You are here: Lexicon › food/groceries › vegetables › fruit vegetables
Pumpkin, Winter squash
Scientific name: Cucurbita maxima Français: Potiron, Courge Español: Zapallo, Ahuyama Deutsch: Riesenkürbis, Speisekürbis, Zucca
Pumpkins belong to the botanical family of gourds (bot.: Cucurbitaceae) and are fruit vegetables. Their name stands for a large family of different species. Pumpkins originated in South America but are nowadays cultivated worldwide. Its popularity is partly due to the fact that pumpkins can be stored for months without cooling. In their main growing countries in South America, South East Asia and Africa they are of high nutritional importance. Although pumpkins consist almost completely of water (ca. 95%), they are rich in carbohydrates, protein, minerals and vitamin C.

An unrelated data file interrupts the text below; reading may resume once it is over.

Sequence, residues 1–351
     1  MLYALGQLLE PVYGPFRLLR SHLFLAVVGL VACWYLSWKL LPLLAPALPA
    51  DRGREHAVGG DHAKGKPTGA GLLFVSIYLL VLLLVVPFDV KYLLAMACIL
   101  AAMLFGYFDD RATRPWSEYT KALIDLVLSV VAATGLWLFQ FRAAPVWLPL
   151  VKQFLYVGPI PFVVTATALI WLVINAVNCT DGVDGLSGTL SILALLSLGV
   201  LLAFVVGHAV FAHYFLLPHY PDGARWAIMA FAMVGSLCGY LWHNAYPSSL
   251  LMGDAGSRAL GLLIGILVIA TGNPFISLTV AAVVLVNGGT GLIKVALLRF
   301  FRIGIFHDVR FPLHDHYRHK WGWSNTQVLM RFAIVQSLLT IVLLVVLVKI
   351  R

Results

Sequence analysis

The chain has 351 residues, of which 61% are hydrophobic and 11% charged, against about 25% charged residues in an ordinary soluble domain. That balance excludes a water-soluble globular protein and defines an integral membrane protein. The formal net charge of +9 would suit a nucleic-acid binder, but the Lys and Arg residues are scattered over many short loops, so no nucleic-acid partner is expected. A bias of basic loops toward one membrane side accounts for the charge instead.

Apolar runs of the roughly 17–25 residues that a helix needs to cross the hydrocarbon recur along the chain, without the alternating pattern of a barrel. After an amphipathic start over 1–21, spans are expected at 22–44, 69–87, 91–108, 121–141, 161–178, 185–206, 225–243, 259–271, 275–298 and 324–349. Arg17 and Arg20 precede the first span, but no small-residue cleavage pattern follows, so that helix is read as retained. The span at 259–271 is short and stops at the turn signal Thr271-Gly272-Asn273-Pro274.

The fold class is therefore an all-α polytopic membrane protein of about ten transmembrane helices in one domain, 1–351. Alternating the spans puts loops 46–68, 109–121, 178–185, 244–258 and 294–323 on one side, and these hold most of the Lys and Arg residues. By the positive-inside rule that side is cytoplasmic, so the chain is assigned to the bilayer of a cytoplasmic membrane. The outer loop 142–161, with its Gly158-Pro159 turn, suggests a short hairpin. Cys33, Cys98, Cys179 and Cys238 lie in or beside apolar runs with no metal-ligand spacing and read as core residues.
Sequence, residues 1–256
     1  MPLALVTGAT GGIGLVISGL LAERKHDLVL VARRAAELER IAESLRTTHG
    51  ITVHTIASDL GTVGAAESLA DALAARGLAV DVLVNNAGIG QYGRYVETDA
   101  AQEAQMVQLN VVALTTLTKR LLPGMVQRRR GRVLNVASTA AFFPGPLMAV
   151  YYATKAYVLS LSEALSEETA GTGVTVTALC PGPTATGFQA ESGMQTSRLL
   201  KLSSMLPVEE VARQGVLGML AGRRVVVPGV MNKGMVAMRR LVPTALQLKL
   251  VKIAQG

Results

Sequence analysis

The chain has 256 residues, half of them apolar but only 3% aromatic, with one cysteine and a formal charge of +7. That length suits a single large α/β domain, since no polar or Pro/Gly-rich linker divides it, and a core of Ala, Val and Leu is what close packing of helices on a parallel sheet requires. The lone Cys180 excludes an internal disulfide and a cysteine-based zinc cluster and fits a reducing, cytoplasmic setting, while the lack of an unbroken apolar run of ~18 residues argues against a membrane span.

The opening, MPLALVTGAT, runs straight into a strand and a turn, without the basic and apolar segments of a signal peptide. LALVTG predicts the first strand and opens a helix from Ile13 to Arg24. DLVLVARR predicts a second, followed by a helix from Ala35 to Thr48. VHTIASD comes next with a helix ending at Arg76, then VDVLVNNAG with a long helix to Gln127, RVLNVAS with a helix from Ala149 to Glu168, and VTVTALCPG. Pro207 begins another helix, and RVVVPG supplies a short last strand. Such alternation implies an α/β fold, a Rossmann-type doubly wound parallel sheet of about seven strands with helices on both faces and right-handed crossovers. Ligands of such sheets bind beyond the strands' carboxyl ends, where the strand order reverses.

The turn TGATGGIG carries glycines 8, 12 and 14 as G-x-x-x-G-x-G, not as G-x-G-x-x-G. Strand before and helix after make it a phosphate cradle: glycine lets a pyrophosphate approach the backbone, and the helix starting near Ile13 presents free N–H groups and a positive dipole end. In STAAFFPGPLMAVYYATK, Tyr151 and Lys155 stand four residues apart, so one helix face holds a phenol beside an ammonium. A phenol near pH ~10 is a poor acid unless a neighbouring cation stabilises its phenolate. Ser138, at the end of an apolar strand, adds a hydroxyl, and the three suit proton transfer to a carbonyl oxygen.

The seeds of pumpkins are sold dried (and often salted). They are also used to press dark and aromatic oil that goes excellent with mushroom- or zucchini salads. Dried, no matter if salted, unsalted or roasted, they are a delicious and healthy snack or can be used as a supplement or decoration of leaf salads. Pumpkin seeds are supposed to help with bladder ailments.
Preparation of pumpkin
Pumpkin flesh is yellow to orange, contains vitamin A and cannot be eaten raw.
It is still very versatile in its preparation. The most popular way to prepare pumpkin is pumpkin soup. In Mexico, China and Africa it is used in chutneys or purees with ginger, garlic and/or chillies. At the end of October Halloween is celebrated in the United States. Pumpkins carved to Jack O'Lanterns are an important tradition at Halloween.